Garn answered questions from the students. Colton Judd wondered how Garn became involved in politics. His boss one time in the National Guard sent him to the Salt Lake commission to work out some problems the commission had been giving the guard concerning their base. One of the commissioners wasn't very helpful and told Garn, well if you don't like the job we're doing maybe you should run for commission and Garn being a little annoyed with the commissioner said, "Well maybe I will because any damn fool could do a better job than you guys." Garn was quoted in the press and he received a call from his mother who wasn't happy with Garn for swearing. But, he did end up running and defeated that commissioner and later became the mayor of Salt Lake and eventually ran for the senate where he served three terms.
Garn said he is disgusted with the current political climate in Washington with partisan politics. "We ought to be Americans before we are democrats or republicans. If I had hair I would tear it out," said Garn.
He stressed the need for term limits, he said politicians are so worried about their political future they don't do anything for the country. He said some people say why waste money in space and Garn tells them they haven't spent a penny in space, there aren't any stores there. All the money and jobs is put into the economy on earth. Without Thiokol where would Brigham City be. America has many inventions and basic research and development that came about because of the space program. One invention is Velcro. NASA is only 6/10ths of 1 percent of the nation's budget. "If we had term limits Congress would vote for the future. They need to shutup and sit down together and solve the problem," said Garn.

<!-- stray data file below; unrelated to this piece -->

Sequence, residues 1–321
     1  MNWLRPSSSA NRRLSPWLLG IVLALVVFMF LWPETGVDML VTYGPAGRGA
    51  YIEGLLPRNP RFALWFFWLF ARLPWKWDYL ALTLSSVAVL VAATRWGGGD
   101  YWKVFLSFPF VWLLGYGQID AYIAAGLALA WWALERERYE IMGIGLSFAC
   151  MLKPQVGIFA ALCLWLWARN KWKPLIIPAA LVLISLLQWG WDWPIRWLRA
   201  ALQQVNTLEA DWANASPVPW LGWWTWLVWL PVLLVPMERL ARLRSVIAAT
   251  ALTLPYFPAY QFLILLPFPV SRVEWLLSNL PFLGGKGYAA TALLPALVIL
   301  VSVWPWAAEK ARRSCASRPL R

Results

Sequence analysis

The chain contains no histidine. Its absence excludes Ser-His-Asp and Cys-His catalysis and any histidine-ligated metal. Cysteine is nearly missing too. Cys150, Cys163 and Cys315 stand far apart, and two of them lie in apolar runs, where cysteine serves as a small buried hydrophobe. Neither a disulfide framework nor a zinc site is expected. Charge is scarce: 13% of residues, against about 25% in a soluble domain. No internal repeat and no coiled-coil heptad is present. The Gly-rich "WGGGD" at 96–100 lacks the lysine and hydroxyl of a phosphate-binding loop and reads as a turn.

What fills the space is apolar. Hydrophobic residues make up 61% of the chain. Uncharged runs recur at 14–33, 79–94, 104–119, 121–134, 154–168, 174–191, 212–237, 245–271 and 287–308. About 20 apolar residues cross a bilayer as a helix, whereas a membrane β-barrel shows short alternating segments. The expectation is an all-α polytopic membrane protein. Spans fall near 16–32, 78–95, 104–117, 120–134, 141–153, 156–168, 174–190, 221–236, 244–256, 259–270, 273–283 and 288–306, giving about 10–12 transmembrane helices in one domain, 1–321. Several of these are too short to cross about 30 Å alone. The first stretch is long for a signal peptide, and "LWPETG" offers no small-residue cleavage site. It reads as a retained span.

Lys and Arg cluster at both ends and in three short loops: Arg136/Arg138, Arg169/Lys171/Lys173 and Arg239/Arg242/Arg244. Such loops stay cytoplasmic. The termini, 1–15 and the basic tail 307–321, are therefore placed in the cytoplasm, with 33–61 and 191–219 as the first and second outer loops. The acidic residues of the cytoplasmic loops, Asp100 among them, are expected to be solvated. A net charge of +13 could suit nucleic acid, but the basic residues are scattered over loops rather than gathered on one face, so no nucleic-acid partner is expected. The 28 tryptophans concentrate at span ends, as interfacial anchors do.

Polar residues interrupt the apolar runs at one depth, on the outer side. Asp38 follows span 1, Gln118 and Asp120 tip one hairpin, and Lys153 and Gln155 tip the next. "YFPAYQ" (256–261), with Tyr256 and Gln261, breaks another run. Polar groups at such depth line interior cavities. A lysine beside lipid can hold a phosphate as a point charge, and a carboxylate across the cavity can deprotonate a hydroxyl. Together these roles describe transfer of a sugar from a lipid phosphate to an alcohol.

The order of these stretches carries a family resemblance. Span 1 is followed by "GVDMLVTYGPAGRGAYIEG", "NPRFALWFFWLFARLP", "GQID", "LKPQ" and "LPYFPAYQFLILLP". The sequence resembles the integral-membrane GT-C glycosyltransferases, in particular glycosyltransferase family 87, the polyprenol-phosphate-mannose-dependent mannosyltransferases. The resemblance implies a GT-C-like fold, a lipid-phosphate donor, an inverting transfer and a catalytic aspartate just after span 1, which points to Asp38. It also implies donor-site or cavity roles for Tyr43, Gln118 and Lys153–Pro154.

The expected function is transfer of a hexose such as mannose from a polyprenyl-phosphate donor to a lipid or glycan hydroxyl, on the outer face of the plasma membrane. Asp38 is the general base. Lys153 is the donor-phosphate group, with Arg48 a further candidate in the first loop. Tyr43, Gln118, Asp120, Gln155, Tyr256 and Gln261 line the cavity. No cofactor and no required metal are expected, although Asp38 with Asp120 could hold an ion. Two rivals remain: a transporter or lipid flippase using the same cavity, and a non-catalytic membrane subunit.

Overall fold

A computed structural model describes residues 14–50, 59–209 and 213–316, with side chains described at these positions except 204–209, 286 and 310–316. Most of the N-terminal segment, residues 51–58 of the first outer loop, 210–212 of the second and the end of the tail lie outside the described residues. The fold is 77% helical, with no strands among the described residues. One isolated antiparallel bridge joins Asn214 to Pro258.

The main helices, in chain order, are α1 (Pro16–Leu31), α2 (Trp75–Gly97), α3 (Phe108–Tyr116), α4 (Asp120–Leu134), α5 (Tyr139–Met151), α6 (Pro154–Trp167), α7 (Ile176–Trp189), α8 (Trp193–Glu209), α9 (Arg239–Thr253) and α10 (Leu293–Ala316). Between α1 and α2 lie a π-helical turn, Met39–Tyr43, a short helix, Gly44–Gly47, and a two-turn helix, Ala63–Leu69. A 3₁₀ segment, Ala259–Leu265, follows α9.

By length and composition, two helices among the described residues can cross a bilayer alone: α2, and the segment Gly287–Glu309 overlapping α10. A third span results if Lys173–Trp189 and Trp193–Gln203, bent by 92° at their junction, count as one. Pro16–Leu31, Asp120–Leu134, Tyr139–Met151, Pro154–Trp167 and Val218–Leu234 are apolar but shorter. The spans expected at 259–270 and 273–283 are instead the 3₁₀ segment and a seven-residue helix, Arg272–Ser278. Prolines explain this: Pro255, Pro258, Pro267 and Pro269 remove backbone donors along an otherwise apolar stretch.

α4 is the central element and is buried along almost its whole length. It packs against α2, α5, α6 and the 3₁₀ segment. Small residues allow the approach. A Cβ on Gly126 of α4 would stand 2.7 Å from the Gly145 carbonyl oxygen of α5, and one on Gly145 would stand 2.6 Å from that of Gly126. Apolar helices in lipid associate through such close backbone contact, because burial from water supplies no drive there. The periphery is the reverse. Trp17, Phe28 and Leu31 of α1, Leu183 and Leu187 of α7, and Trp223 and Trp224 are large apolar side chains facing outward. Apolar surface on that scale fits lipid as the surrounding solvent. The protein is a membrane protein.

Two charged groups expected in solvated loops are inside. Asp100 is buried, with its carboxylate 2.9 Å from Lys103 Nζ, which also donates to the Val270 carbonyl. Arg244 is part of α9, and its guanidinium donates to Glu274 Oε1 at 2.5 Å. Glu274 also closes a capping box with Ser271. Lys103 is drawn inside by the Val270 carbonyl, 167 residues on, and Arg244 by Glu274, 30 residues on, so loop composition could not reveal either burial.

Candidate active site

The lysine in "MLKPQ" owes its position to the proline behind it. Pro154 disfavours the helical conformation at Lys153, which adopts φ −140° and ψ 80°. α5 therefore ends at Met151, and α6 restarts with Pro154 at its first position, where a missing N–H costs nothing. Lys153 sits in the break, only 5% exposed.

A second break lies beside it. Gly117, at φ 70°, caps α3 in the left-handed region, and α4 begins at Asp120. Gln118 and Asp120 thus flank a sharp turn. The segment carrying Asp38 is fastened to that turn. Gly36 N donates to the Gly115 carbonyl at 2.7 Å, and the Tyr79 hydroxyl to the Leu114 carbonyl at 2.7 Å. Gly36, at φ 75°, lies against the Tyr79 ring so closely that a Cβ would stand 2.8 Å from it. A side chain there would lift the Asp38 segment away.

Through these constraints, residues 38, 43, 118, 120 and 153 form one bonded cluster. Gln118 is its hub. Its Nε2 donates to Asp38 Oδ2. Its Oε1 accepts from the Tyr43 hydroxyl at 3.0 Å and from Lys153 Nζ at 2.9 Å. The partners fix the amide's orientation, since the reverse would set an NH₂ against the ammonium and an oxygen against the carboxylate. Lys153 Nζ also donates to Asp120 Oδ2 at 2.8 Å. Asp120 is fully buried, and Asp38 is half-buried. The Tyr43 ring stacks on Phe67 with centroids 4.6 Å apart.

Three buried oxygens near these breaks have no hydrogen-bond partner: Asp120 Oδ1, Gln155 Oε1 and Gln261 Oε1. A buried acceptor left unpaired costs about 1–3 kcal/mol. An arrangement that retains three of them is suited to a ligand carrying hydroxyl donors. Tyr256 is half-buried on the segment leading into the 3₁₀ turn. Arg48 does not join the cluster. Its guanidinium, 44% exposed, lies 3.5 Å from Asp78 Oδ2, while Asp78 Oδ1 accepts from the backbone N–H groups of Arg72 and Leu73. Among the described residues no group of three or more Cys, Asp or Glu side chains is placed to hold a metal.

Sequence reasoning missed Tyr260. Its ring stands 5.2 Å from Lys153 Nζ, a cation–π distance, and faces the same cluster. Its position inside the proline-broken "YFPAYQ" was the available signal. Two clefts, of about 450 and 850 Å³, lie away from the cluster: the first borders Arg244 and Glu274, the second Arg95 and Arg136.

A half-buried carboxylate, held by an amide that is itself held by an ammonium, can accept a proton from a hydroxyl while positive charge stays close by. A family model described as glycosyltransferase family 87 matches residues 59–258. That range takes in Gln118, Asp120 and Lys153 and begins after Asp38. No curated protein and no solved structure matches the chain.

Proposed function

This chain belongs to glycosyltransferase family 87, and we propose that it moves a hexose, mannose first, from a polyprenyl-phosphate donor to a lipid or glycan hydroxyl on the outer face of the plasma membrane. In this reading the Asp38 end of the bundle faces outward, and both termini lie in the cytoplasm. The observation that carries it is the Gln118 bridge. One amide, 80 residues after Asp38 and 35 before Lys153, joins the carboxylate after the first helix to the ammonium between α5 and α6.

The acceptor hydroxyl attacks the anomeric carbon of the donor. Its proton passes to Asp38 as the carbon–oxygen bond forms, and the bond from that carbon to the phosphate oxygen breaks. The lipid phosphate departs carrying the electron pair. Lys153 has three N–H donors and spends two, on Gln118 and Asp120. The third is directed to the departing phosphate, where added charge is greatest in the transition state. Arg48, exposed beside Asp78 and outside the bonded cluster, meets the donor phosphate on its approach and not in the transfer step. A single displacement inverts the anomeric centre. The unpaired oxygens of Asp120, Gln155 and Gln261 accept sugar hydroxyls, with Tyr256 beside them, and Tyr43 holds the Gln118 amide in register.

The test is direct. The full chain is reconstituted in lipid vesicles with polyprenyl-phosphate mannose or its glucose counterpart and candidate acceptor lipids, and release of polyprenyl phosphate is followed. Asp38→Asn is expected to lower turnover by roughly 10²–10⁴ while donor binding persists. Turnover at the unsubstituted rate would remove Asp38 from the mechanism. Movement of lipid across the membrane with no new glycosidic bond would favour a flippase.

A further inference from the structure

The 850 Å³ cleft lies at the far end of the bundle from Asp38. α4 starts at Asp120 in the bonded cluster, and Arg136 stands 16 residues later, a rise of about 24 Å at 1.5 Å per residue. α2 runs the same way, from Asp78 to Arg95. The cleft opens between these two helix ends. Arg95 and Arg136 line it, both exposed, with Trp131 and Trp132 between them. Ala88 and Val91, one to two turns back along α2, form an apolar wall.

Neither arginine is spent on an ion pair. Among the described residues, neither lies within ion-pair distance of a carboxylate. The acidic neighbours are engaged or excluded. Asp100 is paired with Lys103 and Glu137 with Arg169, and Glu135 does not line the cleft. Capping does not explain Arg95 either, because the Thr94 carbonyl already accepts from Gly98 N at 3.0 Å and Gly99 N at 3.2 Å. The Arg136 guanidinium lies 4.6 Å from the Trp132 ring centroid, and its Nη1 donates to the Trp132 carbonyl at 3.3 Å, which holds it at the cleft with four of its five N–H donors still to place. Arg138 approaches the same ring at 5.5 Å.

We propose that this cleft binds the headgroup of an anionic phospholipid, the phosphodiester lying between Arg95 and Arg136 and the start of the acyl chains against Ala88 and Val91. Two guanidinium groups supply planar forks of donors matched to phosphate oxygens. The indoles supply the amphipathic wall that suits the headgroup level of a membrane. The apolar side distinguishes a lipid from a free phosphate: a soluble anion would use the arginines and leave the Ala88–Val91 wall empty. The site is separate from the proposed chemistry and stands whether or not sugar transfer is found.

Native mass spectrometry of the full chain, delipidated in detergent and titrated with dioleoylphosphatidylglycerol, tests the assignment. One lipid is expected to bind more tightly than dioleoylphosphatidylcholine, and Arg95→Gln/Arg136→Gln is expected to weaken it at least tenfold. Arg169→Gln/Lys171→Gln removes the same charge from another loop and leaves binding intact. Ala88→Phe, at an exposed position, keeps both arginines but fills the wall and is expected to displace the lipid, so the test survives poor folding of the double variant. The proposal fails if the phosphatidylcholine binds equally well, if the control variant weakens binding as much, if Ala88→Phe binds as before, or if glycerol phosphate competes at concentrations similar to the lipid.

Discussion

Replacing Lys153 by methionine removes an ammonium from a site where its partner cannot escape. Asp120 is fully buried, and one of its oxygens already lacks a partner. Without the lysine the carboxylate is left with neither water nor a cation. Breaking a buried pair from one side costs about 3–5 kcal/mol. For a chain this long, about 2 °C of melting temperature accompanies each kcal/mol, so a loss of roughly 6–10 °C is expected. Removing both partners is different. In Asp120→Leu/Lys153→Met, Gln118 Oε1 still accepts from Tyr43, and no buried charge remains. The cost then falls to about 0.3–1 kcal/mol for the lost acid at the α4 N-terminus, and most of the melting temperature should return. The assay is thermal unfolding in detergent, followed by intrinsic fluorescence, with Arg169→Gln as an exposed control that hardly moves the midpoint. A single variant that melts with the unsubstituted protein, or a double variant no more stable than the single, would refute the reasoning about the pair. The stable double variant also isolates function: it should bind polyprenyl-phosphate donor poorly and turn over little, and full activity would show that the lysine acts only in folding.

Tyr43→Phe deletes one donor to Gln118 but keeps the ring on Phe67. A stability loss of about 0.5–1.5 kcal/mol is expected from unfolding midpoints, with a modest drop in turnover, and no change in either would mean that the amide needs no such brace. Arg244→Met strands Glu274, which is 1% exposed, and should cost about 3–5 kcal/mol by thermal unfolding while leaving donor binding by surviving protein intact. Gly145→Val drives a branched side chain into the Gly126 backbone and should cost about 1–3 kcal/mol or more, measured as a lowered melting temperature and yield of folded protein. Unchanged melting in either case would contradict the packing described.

He said his father was is hero because he taught him to be honest. His father was a pilot and his pilot's license was signed by Orville Wright. Garn's father built most of the airports around the state. "I am successful because of what my father taught me," said Garn.
While serving in the Senate, Garn's wife died in a car accident and left him alone with four small children. He remarried and has been married 32 years and had three more children with his second wife.
Garn told the story of Hubert Humphrey who took Garn's two month old baby around and showed him off to the Senate and Congress. Humphrey was a great human being, even though Garn and Humphrey differed politically it didn't matter. They were friends.
Garn said he has always set goals for himself even if no one else knew about them.
Garn encouraged the students to explore the endless possibilities that might await them in the future and to be prepared.